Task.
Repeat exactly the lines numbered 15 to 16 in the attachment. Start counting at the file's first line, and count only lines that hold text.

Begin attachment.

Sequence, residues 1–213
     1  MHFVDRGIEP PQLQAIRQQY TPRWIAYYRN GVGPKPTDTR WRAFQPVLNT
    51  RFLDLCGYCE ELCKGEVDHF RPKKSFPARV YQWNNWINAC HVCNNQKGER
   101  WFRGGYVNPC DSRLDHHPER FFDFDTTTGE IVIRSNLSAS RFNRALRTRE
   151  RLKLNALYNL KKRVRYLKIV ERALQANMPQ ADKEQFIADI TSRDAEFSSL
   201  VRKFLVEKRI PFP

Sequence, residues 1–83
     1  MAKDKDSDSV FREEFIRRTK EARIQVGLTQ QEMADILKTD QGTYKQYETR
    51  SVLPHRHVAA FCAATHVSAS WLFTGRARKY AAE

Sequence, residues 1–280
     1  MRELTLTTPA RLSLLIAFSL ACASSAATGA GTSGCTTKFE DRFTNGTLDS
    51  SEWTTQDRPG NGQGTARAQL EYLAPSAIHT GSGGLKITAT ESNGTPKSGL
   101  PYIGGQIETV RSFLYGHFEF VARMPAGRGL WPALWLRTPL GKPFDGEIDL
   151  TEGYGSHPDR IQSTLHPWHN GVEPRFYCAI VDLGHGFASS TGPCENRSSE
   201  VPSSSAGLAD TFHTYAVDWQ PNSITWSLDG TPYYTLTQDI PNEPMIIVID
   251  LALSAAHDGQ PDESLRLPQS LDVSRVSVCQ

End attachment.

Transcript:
   201  VPSSSAGLAD TFHTYAVDWQ PNSITWSLDG TPYYTLTQDI PNEPMIIVID
   251  LALSAAHDGQ PDESLRLPQS LDVSRVSVCQ